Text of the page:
A Clean Well-lighted Room

Essay by PaperNerd ContributorCollege, Undergraduate October 2001

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Security Panning the room, our professor searched for the student with the answer to the question. I followed her eyes as they moved from student to student. From the left of the room, she passed over me, over the two attractive young women who sit just in front of me, and over the large gentleman who always seems to have something to say. She continued on to the right side of the room, but I did not. My eyes were caught on a young man named Dallas. I could see he had something to say, and he was aching to interject his thoughts. I wondered what thoughts he had. I wondered if this was the first time he had ever completed an assigned reading because it was the first time he had ever had an opinion in class. Was he trying to impress someone? I looked deep into his eyes, searching for the answers to my questions.

The room began to get dark, my head was becoming heavy, and my mind was wandering. As my eyes finally closed, Dallas' life became my own.

"Did I exfoliate yesterday, or am I supposed to do that today," I asked myself. Over-exfoliation is bad for the skin because it can lead to dryness and, in extreme cases, irritation. Stepping from the shower, I patted my skin dry because rubbing leads to premature aging. I then used a lotion which is massed produced by Vaseline. High in vitamins and aloe, it is thoroughly refreshing after a mildly warm shower. The brushing of my teeth isn't done until after I eat a wholesome and nutritious breakfast with my girlfriend, so I moved back to my room to select a suitable wardrobe for the classes I have today. The key in this selection is a finding a medium between sophistication and exaggeration. People who wear jeans and t-shirts and are kicked back in a hard, wooden desk barely large enough for a fourth grader, have no more class than people who wear suits and ties and are sitting attentively at the edge of their seat. It is extremely important to know how to fit in to the crowd, find the norm, and not attract unwanted attention.

Today I have class with two incredibly gorgeous freshmen and a bunch of my brothers from the house. I need to look attractive for the women, but casual for the men. I select a pair of cotton slacks without pleats and a black knit shirt which displays my thin body very well. Once dressed, I move back to the bathroom so that I may fix my hair. Hair is always styled after dressing so that pulling any shirts over my head does not matt the spikes I work so hard to achieve. "Perfection achieved," I say to myself. With a single wink in the mirror for self-reassurance, I head to the phone to call my girl. After telling her I'm ready, I head out to the parking lot to get in the only white, 2000 Mustang with tan convertible top.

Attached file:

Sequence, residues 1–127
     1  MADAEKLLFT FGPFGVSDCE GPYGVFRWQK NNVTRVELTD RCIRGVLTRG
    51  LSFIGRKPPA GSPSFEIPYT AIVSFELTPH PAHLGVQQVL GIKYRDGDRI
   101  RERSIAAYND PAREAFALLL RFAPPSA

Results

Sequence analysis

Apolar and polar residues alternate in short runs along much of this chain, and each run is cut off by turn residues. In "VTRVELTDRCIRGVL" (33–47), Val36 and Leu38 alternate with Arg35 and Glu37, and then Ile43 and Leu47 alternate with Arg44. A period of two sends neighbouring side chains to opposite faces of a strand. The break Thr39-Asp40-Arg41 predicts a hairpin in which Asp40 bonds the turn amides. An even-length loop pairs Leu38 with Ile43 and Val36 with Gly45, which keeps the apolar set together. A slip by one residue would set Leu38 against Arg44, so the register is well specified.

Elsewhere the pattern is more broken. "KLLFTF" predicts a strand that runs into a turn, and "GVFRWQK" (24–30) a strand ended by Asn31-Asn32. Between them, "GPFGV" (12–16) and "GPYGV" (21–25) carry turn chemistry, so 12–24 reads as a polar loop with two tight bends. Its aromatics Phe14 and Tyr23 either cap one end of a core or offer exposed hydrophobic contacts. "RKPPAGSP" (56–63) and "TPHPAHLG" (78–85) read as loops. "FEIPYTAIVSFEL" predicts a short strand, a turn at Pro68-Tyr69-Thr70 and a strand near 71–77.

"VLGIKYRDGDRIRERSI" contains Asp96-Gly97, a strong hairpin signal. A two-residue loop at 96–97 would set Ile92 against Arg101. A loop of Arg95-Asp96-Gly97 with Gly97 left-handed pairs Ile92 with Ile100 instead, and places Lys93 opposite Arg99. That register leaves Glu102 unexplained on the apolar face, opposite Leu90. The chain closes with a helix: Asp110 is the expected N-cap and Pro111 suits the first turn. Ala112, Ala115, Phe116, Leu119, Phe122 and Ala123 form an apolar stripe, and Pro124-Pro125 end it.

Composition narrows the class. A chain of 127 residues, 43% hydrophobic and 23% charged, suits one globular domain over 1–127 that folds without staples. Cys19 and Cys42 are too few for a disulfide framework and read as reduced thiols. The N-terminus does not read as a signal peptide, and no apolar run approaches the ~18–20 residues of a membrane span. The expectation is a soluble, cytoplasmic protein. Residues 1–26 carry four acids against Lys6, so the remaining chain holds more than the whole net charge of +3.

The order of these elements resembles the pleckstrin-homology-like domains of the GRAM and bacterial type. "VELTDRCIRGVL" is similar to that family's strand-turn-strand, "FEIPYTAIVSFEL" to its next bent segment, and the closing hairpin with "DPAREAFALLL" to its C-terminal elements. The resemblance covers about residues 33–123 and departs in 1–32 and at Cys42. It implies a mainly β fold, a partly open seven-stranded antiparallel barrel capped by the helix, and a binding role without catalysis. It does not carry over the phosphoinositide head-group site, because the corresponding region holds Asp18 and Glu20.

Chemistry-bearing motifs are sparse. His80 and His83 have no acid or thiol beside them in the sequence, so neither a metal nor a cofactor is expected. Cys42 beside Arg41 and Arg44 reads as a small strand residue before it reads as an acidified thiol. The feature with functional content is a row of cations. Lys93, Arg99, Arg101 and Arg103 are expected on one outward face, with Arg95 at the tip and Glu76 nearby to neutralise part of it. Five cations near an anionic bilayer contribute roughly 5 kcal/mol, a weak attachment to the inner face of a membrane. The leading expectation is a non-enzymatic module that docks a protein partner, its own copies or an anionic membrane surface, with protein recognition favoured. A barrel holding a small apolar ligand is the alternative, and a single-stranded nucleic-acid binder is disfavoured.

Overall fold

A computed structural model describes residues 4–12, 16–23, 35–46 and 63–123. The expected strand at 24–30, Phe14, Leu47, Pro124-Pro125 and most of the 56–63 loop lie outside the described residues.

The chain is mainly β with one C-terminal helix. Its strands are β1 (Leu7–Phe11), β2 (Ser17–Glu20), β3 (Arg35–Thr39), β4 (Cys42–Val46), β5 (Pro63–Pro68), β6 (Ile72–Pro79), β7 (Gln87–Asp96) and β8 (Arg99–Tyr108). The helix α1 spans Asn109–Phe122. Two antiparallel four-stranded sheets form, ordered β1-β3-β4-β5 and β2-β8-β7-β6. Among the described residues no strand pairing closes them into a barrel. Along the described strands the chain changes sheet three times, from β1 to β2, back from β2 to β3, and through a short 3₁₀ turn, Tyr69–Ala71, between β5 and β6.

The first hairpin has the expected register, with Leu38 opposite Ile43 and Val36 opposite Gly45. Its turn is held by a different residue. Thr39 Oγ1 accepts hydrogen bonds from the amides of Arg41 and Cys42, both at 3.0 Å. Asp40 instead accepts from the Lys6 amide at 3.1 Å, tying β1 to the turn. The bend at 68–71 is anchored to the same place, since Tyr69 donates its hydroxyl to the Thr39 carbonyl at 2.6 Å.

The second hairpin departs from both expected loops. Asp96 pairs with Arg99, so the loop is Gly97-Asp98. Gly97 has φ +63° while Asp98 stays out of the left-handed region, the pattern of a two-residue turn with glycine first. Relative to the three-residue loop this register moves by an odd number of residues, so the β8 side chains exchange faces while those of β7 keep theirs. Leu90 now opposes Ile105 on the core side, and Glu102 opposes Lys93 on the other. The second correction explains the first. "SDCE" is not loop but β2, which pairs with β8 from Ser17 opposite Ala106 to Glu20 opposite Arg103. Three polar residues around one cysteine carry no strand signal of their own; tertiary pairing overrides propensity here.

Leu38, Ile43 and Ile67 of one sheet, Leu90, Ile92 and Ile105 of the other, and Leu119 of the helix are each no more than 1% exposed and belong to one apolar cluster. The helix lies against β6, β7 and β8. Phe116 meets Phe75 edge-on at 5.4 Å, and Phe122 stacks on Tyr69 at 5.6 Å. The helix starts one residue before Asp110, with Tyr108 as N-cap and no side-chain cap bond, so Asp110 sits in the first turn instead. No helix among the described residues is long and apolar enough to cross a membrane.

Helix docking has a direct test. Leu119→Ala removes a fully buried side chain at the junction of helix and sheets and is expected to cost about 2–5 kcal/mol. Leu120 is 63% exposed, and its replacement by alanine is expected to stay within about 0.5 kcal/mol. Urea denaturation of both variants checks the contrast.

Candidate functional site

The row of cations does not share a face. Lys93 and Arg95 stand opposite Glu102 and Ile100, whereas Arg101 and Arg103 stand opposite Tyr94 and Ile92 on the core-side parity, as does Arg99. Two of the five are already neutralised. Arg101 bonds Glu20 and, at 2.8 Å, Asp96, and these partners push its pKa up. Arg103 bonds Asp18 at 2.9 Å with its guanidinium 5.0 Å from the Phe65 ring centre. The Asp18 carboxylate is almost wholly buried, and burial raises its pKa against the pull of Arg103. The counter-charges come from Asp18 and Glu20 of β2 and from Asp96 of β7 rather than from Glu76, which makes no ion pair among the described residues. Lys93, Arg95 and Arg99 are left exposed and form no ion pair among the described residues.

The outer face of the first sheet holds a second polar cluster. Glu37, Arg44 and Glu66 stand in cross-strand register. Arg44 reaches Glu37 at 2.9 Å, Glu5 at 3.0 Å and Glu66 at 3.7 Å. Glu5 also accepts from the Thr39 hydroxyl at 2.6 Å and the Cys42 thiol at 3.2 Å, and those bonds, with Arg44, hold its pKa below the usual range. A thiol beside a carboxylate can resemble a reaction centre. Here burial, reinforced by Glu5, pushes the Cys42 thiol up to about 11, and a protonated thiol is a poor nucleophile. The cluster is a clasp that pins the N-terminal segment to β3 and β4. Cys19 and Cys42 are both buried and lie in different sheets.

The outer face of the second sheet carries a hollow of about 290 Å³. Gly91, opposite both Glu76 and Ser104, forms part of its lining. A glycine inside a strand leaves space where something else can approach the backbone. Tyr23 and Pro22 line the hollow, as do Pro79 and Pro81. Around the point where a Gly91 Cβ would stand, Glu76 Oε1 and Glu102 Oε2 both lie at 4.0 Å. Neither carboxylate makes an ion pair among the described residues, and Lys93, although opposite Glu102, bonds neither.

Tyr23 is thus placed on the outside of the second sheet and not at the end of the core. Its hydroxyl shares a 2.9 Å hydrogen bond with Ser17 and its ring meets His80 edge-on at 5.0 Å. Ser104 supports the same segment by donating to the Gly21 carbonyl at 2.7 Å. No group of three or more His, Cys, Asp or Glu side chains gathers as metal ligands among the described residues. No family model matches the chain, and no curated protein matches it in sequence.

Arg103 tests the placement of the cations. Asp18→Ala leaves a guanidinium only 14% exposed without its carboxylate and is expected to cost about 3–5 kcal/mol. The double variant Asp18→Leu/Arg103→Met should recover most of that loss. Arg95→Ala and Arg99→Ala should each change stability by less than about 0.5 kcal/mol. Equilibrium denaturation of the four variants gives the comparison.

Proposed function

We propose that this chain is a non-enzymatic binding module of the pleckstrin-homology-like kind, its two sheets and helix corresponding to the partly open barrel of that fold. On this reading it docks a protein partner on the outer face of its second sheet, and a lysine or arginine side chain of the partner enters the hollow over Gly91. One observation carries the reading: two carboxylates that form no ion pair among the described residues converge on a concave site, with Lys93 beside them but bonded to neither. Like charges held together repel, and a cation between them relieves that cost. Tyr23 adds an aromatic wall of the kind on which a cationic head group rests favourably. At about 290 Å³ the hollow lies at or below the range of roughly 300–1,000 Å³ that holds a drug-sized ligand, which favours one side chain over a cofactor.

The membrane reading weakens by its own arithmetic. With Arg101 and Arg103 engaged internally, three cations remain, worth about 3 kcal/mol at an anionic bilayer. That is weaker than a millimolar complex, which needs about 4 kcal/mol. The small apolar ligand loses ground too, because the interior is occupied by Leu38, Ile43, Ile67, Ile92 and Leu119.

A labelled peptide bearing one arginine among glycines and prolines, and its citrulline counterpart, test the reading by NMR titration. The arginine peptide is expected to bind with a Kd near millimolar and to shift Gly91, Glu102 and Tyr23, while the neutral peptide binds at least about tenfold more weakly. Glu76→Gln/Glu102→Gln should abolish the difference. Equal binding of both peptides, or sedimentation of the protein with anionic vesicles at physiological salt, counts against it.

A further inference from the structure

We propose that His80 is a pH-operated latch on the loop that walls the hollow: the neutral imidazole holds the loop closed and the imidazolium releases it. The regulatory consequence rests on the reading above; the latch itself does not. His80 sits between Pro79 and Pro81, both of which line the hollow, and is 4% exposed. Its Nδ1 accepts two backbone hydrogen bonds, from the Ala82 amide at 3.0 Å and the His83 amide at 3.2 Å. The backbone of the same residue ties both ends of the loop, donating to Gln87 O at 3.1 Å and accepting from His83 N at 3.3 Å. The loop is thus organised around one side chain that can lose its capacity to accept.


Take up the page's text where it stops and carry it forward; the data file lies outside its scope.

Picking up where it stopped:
As I head through the doors, I see my reflection and I look good as usual. About halfway to the car I notice a crease in the bottom of my left pant leg. I continue walking to the car. "If I notice it, won't everyone else?" I bend over and try to smooth it out. As hard as I try, the crease will not remove itself from my pants. I walk around the parking lot for short time in order to change my perspective, and then look back down at the pant leg. "Shit, it's still there! I cannot continue with this day. I have to go change." Casually walking, being extremely careful not to perspire, I move back inside to pick a new wardrobe for class. After an hour of rooting around in my three closets, I decide on some hemp pants with a draw string and a white cotton shirt. It is a very comfortable, casual, and modern choice. I am pleased.

As I begin to leave the room for the second time, I realize that I have not turned the television off. I search the room for the remote control, but am unable to find its location. I finally decide to walk to the television and turn it off. As I approach it, I see two familiar buildings in New York City topple to the ground. I wonder why the city would destroy two buildings which appear to be in perfectly good shape. It just doesn't seem to make any sense. "Oh, I bet its one of those movies where aliens attack the world," I think to myself. I switch it off and head out to the car.

After driving a block from my house, realizing, as I do every morning, that I probably could have walked, I once again realize how hard it is to get a good view of the women all over campus when you are walking. I continue to circle campus judging any female prospects that look my direction. There are so many women out there with so many different backgrounds and different likes and different dislikes that it often becomes hard to decide which of them I will choose. I park the car and meet my incredible girl friend in the dining hall.

Natalie is such a sweet girl. She is tall, blonde, and thin. She is extremely caring and generous. Just a week ago on Valentine's Day she bought me an entire aquarium set with two seventy-five dollar Blow Fish. It was an extravagant present. I can't seem to remember what it was I purchased for her in return, but she hasn't complained, so it must have been nice. We have been together for somewhere around two years, and I know that we must both feel every minute has been absolutely perfect, or we never could have stayed together this long.